Celeste and Jesse ForeverHD Closed Captioning
Lee Toland Krieger
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Celeste (Rashida Jones) and Jesse (Andy Samberg) are high school sweethearts who married young and are now at a crossroads at the age of thirty. While Celeste is a success in business, Jesse is unemployed and adrift. Celeste thinks that if they divorce now they could still remain friends. Jesse passively accepts the decision even though he is still in love with her. As reality sets in, Celeste slowly and painfully realizes she has been cavalier about their relationship, but her timing with Jesse is less than fortuitous.
Rotten Tomatoes Movie Reviews
- Reviews Counted: 130
- Fresh: 91
- Rotten: 39
- Average Rating: 6.3/10
Top Critics' Reviews
Fresh: The give and take here feels completely real, and each character is likable while also flawed and vulnerable.
Fresh: The film bears a kinship with the underrated 2006 film The Break-Up; both are, for lack of a better term, post-romantic comedies by exploring the largely virgin territory of what happens long after the meet-cute, when life takes hold and love goes sour.
Rotten: Charming and not without its moments, but far too conventional to capture the complexity it strives for.
Fresh: There is quiet, seditious verve to the way expectations are derailed and then re-railed, just as in those areas of real life that still exist even outside the expanding Sundance empire of middlebrow observationalism.
A SHARP BUT FLAWED LOOK AT POST-MARRIAGE FRIENDSHIP
With its ardent refusal to follow the usual romantic-comedy formula, "Celeste and Jesse Forever" is a nice surprise for an indie film. Not only does it keep us wondering about where it's heading, but it gives the likable Rashida Jones and Andy Samberg much more respectfully complex roles than they usually get to play. Plus, the quirky comedic approach combined with some darkly dramatic moments makes it all the more intriguing to watch. The movie focuses on the titular characters Celeste and Jesse and their close-knit, long-time relationship. Having been together since high school, the two companions - who married at a young age - are starting to drift apart. She has a successful job in a media consulting firm; he's unemployed with no particular drive to do anything with his life. Celeste is convinced that divorcing Jesse is the right thing to do, and if they do it now rather than later, they can remain supportive friends. Jesse casually goes along with this decision, and at first, he and Celeste treat the separation as if it never happened. But once reality slowly starts to sink in, and Jesse eventually moves on with his life, Celeste realizes that she may have made a horrible mistake. Rashida Jones gives a ruthlessly honest performance that's both genuinely funny and a bit disturbing. Her journey throughout the film is a messy one - a bumpy series of conflicting emotions and awkward scenes that never end well. And yet, it's hard not to watch as she stumbles in and out of embarrassing situations, all the while trying to deal with her divorce as best she can. Andy Samberg, while not quite as compelling as his co-star, shares a great down-to-earth chemistry with Jones. They may not be the strongest film pairing we've seen in recent years, but their dialogue is nonetheless refreshingly witty and sharply delivered. The acting overall is undeniably impressive, and so is the clever humor, but at times, it seems like the flick is more focused on telling an original, ambitious story than developing a strong emotional core to pull the audience in. It's not exactly a glaring issue, but it would've been nice if the director had given us a better understanding of the main characters and their individual flaws. Despite its slight narrative problems, "Celeste and Jesse Forever" is still a smart, observant, and often engaging look at two close friends as they try to keep their friendship intact after divorce. It may not have the strongest characters or most consistent screenplay, but what it lacks in those areas, it mostly makes up for in sincere performances, perceptive humor, and a refreshing lack of predictable clichés. It also benefits from a bittersweet ending that feels genuinely real. Not everyone will enjoy this anti rom-com, but it's worth a watch for any fan of relationship drama and crude, sarcastic banter.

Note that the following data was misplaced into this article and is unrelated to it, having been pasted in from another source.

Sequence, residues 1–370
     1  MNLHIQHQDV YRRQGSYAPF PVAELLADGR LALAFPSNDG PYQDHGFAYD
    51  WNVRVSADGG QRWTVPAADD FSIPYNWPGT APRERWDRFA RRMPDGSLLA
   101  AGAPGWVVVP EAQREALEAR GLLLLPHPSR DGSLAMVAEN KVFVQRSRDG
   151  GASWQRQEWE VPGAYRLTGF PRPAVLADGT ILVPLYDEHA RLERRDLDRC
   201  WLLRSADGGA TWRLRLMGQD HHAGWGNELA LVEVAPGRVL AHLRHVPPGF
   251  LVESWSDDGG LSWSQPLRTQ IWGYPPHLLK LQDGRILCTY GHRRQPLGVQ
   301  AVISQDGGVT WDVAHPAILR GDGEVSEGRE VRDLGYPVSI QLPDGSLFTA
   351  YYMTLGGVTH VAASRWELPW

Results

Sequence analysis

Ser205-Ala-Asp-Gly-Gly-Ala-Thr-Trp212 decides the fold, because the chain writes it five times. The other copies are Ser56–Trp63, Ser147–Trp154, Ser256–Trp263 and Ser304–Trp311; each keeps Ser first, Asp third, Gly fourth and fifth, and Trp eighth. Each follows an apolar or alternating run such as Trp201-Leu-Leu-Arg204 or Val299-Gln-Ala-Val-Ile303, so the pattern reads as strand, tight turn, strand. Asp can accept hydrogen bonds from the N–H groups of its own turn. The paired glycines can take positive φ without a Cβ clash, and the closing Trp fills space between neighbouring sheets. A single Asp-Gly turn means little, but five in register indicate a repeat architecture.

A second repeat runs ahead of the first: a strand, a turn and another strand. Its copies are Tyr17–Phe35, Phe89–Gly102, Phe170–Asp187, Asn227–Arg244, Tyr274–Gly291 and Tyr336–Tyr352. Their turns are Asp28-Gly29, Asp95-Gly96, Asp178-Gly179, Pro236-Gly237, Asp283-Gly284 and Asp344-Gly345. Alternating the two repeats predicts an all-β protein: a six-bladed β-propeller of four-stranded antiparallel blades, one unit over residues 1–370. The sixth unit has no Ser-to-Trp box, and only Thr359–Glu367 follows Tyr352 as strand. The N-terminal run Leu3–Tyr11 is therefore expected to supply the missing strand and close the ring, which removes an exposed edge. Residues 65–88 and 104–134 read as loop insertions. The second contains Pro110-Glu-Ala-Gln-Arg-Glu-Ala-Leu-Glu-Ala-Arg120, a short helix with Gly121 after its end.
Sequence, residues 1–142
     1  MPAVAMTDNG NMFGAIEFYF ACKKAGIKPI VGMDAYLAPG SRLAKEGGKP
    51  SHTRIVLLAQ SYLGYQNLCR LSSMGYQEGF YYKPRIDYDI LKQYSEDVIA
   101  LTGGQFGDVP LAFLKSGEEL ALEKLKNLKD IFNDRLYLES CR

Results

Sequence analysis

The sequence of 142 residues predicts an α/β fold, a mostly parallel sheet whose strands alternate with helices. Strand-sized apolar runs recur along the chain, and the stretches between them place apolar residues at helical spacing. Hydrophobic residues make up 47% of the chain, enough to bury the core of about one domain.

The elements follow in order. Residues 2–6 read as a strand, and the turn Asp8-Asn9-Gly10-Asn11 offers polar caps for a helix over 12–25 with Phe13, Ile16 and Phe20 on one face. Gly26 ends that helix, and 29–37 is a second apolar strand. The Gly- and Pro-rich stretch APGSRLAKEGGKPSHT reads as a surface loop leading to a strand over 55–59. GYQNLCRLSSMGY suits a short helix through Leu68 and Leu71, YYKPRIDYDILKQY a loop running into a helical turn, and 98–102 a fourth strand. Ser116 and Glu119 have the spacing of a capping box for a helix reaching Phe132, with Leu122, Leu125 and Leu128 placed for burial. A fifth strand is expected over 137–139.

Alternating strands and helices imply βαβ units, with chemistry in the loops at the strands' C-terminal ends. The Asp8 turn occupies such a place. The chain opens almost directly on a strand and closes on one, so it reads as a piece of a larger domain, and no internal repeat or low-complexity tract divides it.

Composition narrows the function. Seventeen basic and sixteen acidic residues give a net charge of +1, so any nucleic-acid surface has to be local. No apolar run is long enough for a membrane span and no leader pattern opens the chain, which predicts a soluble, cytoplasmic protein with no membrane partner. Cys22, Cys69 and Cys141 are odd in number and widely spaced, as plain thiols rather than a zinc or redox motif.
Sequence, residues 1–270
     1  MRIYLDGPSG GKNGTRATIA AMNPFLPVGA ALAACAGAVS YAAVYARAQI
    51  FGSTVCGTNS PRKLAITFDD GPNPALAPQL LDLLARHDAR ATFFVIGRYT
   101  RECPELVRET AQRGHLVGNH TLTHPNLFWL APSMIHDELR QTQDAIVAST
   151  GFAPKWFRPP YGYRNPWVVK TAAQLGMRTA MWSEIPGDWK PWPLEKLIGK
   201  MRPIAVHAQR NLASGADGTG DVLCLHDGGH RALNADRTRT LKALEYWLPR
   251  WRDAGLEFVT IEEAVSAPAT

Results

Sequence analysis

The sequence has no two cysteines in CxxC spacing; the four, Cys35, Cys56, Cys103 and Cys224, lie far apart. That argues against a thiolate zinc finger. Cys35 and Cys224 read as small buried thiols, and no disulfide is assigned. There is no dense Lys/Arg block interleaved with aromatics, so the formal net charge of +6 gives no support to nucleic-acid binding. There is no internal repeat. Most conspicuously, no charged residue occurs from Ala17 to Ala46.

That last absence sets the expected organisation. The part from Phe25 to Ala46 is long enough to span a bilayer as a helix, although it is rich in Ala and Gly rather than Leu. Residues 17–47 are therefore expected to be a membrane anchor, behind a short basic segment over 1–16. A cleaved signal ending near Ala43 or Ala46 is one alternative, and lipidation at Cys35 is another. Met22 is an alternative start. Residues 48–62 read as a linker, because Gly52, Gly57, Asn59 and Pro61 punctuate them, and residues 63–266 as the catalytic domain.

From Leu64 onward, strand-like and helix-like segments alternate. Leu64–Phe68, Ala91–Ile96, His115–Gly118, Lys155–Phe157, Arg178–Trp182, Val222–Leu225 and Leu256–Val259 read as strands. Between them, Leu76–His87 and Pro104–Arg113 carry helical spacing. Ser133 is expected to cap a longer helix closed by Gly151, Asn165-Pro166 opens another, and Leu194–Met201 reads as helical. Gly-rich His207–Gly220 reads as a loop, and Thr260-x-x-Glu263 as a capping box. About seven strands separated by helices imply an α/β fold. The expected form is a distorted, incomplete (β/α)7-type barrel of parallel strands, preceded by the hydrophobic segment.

Definitely top ten movie of the year 2012!!!
There is so much truth behind this movie. It's not your typical cheesy romantic comedy. It takes a unique look into a couples post breakup and how sometimes they move on but never really move on. Definitely one of my new favorite movies. Rashida Jones did an outstanding job writing and acting in this movie. This movie is a true gem. @nerissalynette
Women should watch this movie
Women should watch this movie. Especially married women. And think about what it really is that you want from men.